Few sports supplements have been more intensely researched in recent years than creatine monohydrate . Already this year, significant findings on this amazing supplement have been pub-lished in leading scientific journals – findings that can help you achieve that ultimate physique. Before I share those findings with you, here’s some background information on how creatine works.
Inside muscle cells, creatine helps produce and circulate adenosine triphosphate (ATP), the main energy-producing molecule of all living cells. By taking supplemen-tal creatine, you can build the volume of creatine in your muscle cells. Inside cells, creatine increases levels of a high-energy compound called creatine phosphate, which serves as a tiny fuel reserve, enough for several seconds of action. Creatine phosphate also allows more rapid production of ATP. The more ATP that is available to muscle cells, the longer, harder, and more powerfully you can work out. Thus, creatine can indirectly help you lose body fat, since longer, more intense workouts help demolish fat and build lean muscle. The more muscle you have, the more efficient your body is at using energy and burning body fat. Additionally, in many studies, creatine has been found to affect protein synthesis – which ultimately leads to muscle growth.1 Now, here’s a look at some creatine news you can use:Build Bigger Arms If you’re familiar with the Parrillo Train-ing Program, you know that I recommend some very specific techniques for building arm mass.
Exercises such as drag curls for the biceps, preacher curls with elbows pressed toward the center of the pad, vari-ous triceps exercises, and, of course, fascial stretching between arms sets. In addition to these training techniques, make sure you’re supplementing with creatine. A recent study found that supplementation with creatine monohydrate produced remarkable ef-fects on arm mass. In this study, 23 male weight-trainers took either a placebo, or five grams of creatine, four times a day, for five days. After five days, they took two grams of creatine a day, while the other group continued to take the placebo. All the men trained their arms twice a week, starting with six-rep maximums and progressing to two-rep maximums. The experimental period lasted six weeks. At the end of six weeks, the creatine-takers experienced ex-traordinary gains. Combined with weight training, creatine supplementation produced greater arm strength, boosted muscle mass, and increased upper arm girth . Those in the placebo group had no such gains whatsoever, even though they were exercising.2Creatine can indirectly help you lose body fat, since longer, more intense workouts help demolish fat and build lean muscle.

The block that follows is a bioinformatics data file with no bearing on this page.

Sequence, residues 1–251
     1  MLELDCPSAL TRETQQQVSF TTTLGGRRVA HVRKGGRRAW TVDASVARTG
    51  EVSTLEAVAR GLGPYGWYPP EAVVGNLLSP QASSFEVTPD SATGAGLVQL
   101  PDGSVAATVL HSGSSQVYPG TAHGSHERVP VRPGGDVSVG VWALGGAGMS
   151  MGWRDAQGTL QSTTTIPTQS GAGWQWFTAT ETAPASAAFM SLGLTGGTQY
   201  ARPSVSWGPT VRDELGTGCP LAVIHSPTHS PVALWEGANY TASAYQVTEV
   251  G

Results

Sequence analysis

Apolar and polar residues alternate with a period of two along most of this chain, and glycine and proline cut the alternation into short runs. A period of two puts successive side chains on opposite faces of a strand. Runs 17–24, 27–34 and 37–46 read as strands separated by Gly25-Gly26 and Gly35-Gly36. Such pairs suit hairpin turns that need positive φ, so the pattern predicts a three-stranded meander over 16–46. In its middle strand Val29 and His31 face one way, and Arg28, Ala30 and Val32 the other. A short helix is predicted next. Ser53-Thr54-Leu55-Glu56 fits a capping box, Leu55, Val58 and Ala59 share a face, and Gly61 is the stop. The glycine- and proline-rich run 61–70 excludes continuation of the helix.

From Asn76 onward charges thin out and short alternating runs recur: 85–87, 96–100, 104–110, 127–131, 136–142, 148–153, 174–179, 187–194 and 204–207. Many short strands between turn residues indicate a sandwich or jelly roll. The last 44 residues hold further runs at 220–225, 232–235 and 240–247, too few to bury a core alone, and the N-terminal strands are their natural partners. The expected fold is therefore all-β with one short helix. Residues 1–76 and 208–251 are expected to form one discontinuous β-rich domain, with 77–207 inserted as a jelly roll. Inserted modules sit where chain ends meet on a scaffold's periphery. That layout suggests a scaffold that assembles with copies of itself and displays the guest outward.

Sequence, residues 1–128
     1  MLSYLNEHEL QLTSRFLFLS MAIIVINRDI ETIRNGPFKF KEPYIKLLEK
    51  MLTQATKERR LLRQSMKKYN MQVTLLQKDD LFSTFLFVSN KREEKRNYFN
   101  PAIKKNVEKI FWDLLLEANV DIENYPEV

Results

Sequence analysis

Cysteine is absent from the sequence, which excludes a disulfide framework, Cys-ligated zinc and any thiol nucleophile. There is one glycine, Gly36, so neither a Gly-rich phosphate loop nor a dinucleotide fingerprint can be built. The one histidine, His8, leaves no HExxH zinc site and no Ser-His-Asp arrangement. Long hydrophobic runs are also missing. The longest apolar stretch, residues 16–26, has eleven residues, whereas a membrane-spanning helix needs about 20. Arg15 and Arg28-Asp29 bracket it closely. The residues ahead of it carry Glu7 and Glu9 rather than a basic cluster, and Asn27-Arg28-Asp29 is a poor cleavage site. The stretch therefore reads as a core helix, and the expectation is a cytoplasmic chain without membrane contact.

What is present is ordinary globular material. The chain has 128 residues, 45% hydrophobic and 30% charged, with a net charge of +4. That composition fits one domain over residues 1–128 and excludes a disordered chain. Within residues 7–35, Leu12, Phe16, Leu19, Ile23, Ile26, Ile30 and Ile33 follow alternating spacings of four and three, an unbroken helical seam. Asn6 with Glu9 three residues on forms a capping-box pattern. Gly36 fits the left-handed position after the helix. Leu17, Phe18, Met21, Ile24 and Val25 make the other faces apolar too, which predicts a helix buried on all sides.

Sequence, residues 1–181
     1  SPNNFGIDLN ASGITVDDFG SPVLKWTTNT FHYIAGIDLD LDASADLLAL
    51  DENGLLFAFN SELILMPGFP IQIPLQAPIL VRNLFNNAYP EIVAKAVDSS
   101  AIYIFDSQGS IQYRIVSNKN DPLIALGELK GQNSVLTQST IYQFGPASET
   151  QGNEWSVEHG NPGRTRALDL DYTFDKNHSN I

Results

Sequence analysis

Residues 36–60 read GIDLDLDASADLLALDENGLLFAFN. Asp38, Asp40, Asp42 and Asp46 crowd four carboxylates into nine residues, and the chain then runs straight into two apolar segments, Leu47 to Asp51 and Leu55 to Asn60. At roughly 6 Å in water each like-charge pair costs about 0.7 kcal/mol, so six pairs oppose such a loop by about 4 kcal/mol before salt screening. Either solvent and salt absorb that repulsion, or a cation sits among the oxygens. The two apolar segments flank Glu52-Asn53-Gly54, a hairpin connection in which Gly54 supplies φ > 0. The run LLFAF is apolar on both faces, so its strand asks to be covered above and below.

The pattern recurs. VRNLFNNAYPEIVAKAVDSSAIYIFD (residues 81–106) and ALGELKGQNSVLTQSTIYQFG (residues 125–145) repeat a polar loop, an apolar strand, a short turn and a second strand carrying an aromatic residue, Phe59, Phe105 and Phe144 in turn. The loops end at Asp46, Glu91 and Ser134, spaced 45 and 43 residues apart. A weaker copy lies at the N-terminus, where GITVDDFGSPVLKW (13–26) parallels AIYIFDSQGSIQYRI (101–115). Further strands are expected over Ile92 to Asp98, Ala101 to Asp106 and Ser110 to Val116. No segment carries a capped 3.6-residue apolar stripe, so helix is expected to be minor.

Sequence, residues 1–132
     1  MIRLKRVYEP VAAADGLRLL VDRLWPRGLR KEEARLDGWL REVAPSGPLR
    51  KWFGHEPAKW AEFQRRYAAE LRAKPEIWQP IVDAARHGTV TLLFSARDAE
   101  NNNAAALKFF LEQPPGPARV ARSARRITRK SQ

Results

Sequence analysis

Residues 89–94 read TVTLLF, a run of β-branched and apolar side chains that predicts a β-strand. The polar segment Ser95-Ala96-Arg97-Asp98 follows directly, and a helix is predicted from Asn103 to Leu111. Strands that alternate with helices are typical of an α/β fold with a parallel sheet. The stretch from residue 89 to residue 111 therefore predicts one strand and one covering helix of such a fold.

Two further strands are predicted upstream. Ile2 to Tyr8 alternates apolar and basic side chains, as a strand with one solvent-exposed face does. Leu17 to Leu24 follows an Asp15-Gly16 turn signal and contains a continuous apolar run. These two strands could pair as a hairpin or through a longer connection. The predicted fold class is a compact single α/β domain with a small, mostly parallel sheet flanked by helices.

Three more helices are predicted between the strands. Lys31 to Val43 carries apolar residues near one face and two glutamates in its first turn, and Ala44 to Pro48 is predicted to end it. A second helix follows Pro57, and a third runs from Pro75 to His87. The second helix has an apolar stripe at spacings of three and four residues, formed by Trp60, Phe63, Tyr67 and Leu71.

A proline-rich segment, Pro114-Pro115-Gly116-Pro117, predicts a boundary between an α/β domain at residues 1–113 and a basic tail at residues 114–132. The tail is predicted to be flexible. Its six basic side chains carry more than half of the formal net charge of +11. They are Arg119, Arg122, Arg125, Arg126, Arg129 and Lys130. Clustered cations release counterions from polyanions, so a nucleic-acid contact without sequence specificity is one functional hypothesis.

The more muscle you have, the more efficient your body is at using en-ergy and burning body fat.Aerobic Power The ability to train longer without feel-ing pooped is certainly a plus when you’re trying to build quality muscle. Time and again, creatine has proven its merit in de-laying the onset of fatigue. One of the most recent studies to look into this involved 14 men who were tested on stationary bicycles at varying levels of exercise intensity after having supplemented with 20 grams of creatine daily for five days. Half the group took a placebo. Some interesting effects were observed in the creatine-supplement takers. First, creatine appeared to decrease ammonia build-up in the body. This is significant. Ammonia is a waste product generated during intense exercise. It is very toxic and will stop energy production in the cell. When your body can eliminate it efficiently, you have more energy to train. Creatine may help the body clear ammonia from the system. Second, creatine enhanced “oxygen uptake.” This represents your body’s maximum capability to deliver oxygen to the working muscles. With greater oxygen delivery, you can increase your aerobic performance.